But for those who attend the conference, those unseemly alliances and over-the-top assertions of patriotism are not the product of power, but rather a communal response to what would otherwise be a condition of powerlessness: Jews must, the logic goes, be friends with both parties, because we can’t afford to make any enemies. We must be skeptical of progressive criticism, because it was not just the czars, but our angry and downtrodden neighbors who made us scapegoats for their problems and attacked us in pogroms. And, most sensitively, we can’t ever stand for a suggestion of disloyalty, because we’ve finally found a country that treats us as equal citizens, and we can’t afford to lose that status once we’ve got it.
This is the nerve Ilhan touched: the lingering insecurity of American Jews that maybe we really don’t belong here after all; maybe when they talked about “the right of the people peaceably to assemble, and to petition the Government for a redress of grievances,” that “people” never included us, at least not as long as we advocate for our relatives in the Middle East. This is the tragic irony of AIPAC: the act of lobbying is now, to so many, our sign of non-Americanness we thought was as American as apple pie. Hence the highly applauded line from Chuck Schumer in his address to the conference on Monday: “You can be a Jew and lobby for Israel, and it doesn't make you any less of an American, it makes you a better American.”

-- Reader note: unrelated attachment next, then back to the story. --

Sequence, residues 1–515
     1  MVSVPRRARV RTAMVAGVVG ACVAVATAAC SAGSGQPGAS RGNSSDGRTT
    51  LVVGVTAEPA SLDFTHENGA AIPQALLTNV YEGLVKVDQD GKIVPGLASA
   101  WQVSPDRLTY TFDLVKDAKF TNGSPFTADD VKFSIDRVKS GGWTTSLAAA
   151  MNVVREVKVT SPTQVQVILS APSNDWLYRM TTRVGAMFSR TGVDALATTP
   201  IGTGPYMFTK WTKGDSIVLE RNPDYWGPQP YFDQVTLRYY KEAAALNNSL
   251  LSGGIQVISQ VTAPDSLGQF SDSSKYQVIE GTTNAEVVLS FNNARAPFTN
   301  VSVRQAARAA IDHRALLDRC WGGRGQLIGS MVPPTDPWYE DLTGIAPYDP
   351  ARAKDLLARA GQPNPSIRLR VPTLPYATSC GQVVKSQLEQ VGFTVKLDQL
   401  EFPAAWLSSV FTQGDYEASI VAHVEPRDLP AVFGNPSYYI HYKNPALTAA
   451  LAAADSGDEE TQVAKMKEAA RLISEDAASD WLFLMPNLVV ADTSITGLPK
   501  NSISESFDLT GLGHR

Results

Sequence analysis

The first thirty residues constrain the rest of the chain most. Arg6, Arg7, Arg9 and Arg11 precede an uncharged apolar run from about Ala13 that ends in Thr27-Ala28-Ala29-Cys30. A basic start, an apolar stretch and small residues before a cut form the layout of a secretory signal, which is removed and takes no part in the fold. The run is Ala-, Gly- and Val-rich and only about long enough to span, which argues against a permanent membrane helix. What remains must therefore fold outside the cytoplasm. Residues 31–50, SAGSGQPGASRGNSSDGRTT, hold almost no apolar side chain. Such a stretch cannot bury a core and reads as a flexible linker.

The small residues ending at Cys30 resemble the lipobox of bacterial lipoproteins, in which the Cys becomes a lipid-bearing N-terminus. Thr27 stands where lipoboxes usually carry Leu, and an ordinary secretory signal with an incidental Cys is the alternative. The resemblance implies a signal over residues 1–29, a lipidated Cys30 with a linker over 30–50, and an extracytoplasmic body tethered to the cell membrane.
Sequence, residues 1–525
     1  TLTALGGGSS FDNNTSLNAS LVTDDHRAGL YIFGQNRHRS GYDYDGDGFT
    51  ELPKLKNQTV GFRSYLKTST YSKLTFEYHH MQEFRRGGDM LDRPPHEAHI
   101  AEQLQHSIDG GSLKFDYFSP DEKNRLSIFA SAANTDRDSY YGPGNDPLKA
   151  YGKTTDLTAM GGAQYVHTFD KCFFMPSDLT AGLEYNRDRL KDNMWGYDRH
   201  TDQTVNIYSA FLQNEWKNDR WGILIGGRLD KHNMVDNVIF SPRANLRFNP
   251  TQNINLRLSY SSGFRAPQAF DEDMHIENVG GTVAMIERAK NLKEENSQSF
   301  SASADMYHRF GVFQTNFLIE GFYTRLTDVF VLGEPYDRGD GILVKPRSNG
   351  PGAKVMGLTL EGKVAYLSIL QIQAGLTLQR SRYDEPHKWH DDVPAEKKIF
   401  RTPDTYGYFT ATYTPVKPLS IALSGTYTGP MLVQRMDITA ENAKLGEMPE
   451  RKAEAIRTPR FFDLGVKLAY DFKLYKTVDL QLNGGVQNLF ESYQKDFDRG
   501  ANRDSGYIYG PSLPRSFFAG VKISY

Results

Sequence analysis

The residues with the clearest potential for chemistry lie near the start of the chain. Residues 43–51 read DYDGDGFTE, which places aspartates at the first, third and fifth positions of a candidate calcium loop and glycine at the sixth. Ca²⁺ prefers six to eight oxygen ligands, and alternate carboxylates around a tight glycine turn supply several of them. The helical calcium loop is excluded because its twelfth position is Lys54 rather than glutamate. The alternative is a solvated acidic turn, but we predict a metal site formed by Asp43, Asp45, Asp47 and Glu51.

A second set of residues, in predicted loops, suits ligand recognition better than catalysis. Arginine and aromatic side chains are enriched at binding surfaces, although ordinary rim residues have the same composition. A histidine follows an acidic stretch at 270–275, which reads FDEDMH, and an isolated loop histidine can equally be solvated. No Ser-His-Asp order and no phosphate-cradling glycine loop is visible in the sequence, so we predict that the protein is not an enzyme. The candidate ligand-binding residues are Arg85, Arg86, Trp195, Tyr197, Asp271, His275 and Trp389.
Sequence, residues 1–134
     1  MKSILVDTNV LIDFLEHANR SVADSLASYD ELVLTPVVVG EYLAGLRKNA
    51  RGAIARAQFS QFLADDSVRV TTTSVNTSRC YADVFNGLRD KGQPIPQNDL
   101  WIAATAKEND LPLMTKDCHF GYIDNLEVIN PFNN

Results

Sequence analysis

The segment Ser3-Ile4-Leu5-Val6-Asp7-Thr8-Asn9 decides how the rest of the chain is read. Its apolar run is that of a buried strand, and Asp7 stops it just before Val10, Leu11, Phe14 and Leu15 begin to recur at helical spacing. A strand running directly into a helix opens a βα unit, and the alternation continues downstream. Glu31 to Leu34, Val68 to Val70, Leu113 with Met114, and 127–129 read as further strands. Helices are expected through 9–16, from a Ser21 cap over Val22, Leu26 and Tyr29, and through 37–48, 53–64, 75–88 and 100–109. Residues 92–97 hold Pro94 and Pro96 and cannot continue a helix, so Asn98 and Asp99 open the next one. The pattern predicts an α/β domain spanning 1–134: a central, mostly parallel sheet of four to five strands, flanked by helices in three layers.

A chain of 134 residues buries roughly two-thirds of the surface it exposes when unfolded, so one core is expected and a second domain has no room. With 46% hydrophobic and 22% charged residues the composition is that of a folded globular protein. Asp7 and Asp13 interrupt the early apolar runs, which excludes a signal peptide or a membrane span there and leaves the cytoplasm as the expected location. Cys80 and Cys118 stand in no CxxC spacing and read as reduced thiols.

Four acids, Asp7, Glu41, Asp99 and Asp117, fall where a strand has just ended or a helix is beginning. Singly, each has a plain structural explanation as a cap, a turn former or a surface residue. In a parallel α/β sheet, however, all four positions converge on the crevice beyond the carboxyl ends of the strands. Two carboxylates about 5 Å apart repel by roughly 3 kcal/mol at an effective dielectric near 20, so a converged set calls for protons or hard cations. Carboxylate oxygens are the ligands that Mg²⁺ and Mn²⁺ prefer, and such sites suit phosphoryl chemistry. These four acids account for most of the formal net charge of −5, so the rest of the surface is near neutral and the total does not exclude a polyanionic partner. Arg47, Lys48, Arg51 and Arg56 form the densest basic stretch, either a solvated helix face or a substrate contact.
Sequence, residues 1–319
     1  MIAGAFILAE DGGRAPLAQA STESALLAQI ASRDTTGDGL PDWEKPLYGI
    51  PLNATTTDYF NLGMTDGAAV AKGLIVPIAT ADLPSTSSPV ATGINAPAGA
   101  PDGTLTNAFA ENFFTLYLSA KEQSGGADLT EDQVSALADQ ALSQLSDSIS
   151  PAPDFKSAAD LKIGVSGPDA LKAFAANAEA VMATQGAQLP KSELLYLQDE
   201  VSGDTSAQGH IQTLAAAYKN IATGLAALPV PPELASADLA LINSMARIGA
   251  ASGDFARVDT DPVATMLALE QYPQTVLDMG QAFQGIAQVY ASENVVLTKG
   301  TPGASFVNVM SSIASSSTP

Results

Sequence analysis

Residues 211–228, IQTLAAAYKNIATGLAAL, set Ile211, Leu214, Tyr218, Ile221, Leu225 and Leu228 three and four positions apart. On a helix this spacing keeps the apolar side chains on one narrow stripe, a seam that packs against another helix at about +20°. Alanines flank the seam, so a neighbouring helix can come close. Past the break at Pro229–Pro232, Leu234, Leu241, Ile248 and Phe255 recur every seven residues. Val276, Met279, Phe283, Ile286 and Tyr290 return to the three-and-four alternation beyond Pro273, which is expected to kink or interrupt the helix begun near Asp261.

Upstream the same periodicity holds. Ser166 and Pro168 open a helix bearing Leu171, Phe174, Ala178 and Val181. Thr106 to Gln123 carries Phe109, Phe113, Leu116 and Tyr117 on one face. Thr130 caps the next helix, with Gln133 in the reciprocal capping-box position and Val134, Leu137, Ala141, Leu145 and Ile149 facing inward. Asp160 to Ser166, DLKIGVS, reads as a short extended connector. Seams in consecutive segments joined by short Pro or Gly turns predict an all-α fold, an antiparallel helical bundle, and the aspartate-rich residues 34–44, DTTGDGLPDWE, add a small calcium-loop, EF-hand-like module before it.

Schumer’s entire speech was full of Yiddishisms, Holocaust stories and the accented Hebrew of an American Jew who grew up with two feet in this country but a radio tuned to news of the Jewish State. It affirmed American Jewry’s Americanness, but also its Jewishness — a distinct identity that is proud, but also awkward, and intergenerationally traumatized. When Schumer took aim at Ilhan’s comments, I clapped. When he took aim at the Republicans’ hypocrisy in condemning her, I literally cried with catharsis.
A week later, I attended a retreat in New York for non-Orthodox Jewish communities on campus. We heard from a rabbi slash human rights activist and from a Jewish intellectual about peoplehood and social justice. The audience at the retreat was young and left-wing; I had seen at least one of them at an activist conference earlier this year with decidedly anti-Zionist politics. But I felt the same anxiety in New York that I did in D.C.: identity politics are hard to square with an ongoing identity crisis, and no one explained to us in Hebrew School, as the Obama years introduced us to American elections, that our progressive coalition would be besieged with, of all things, the Jewish Question. For a generation raised on talk of privilege and structural oppression, we’re disarmingly unprepared to explain who we are and where we fit in. But in the scope of Jewish history, I suppose that’s at least one tradition of our parents and grandparents to which we still hold fast, and one which I have little doubt we will soon pass on to our children.